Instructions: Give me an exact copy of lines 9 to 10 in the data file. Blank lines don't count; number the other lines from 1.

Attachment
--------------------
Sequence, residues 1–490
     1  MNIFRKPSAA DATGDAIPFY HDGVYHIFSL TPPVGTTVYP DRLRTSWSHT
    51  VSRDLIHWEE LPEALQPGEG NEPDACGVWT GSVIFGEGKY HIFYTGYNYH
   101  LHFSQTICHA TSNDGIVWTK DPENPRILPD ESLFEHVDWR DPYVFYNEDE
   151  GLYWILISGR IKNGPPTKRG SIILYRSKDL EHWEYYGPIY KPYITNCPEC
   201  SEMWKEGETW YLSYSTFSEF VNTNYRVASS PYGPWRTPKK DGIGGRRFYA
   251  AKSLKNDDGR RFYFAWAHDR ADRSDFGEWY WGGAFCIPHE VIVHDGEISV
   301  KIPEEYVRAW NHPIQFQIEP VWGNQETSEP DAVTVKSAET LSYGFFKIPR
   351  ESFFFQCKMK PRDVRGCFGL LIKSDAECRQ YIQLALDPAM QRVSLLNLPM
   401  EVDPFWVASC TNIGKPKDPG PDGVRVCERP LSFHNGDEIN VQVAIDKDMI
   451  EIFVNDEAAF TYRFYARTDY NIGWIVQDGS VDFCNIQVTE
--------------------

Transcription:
   351  ESFFFQCKMK PRDVRGCFGL LIKSDAECRQ YIQLALDPAM QRVSLLNLPM
   401  EVDPFWVASC TNIGKPKDPG PDGVRVCERP LSFHNGDEIN VQVAIDKDMI